There’s inspiration like that everywhere, but you have to put yourself into article mode all the time. Constantly keeping your eyes open for anything that can be worked into an article. It’s hard. Not a lot of people can do it. Lots of people have a couple of those in them and then that’s it. There’s nothing wrong with that, but being able to pull it off 52 times a year is a point of pride for me.
Did I ever tell you I write “premium” literature? Anyway, moving on: Who have been some of your biggest influences?
Seanbaby was a huge influence — especially back in the mid-late nineties when I first started out. I used to be one of his fanboys even when I had gathered my own audience. So when I started working for Cracked and found out that I’d be on the same writing team as him, I was all starstruck. It was surreal to be able to message him and know that he’d know who I was.
And of course, David Wong was a huge influence as well. We wrote together for so long that we knew each others’ characters inside and out. Either one of us could adopt the persona of the other, and we knew it would work. Being best friends in real life helped with that. Everything he thought was funny, I did, too. And vice versa.
So…uh…what is a typical day in the life of John Cheese like? And I am totally asking this as a curious interviewer, not at all because this is a lab-tested brain study method.
To an outside eye, it’s pretty boring. I maintain the social networking sites for the John Dies at the End book, as well as doing some backend stuff for Cracked. I run my column. I maintain my own social networking stuff, and try my best to stay in direct contact with my readers as much as time will allow. I think that’s important — they’re spending their time with my articles. I at least owe them an attempt to give some time back to them.
But typically, I get up, work for 12-16 hours, catch a couple hours of sleep, and then do it all again. The only time I really take a breather is on the weekends when I have my kids.
I maintain my own social networking stuff, and try my best to stay in direct contact with my readers as much as time will allow.
What are some of your side hobbies? When not writing and spying of course.
I play video games, but my patience with them is getting shorter and shorter. Video games are starting to feel like a Hollywood movie formula to me, and I feel myself slipping away from them. But when I’m not working or playing games, my fiance and I watch WWE (RAW and Smackdown) and TNA Impact. When my kids are over, we shoot BB guns and play Magic the Gathering.
I see. And what are some of your future plans?
I’m writing a “life” type book right now, but I don’t think it’s going to see completion for a while. Books are a slow process that takes an immense amount of organization and planning. I’m doing my best to get it finished, but I want to be happy with what I’m putting out there before I stamp my name on it. I want to make sure that I’m not just putting one out to try and cash in on my audience’s support. I’m not that big of an asshole. I want to make sure I write something for them that they can use and appreciate. And that’ll take some time.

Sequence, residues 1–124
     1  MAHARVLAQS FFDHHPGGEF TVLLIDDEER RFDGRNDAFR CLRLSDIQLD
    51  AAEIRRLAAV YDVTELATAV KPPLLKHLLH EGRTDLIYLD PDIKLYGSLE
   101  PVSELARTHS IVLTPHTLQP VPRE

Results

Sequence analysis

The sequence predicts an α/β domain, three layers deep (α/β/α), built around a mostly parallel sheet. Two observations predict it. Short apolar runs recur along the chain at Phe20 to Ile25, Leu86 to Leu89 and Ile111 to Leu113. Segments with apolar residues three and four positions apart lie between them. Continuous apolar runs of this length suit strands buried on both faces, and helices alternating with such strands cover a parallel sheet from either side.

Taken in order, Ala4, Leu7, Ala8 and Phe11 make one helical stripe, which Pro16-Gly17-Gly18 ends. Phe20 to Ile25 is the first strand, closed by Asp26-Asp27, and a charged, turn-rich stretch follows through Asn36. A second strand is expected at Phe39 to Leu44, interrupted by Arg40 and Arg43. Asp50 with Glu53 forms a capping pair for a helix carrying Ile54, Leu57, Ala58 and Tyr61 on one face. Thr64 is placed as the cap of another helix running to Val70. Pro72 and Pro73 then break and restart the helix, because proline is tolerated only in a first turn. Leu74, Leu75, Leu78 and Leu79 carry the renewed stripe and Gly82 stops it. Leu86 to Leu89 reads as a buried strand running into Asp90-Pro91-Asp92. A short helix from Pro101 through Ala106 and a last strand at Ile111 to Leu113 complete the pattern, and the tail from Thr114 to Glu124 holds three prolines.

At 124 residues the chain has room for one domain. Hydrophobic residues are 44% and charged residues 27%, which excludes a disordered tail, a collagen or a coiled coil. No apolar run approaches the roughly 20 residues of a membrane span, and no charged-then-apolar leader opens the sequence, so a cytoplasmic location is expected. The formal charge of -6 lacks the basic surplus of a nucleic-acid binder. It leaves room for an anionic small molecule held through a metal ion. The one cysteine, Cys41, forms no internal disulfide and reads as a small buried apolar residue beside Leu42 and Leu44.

Write all the time. Even if it’s not being published.
So, book and spying. Got it. Finally, in closing, are there any words of suggestion you could offer aspiring writers/comedians?
Write all the time. Even if it’s not being published. Start up a website of your own — even if it’s just a Tumblr or some other blog type of environment, and write your ass off. When you get your first paycheck for your first article, do your damndest to never forget that moment.
And never under any circumstances, do you ever want to read the comments section. I did it once back in 2008, and I’ve never been back.
Immediately after finishing the interview, I felt the blunt sting of a needle pierce my neck. I struggled, but the unseen assailant bested me. It was Soren! Had to be. I’d recognize those chiseled man arms anywhere. When I awoke, I found myself in a tub of ice, in a cheap motel in San Miguel, with one kidney long since removed.
Through the deserts of a foreign land I stumbled, as the last drops of spittle dried upon my tongue. Over long miles I strode ever homeward, until finally, in my last moments of parched, hallucinatory consciousness, I reached my pc and wrote this down.
Thank you for the interview Mr. Cheese. You may think you’ve won this round, but little did you know that the kidney you stole was a decoy, planted with a camera. It was difficult getting it in there, but it all paid off in the end. Now it is I that shall be watching you, and soon the whole world will know your secrets!
Cue maniacal cackle.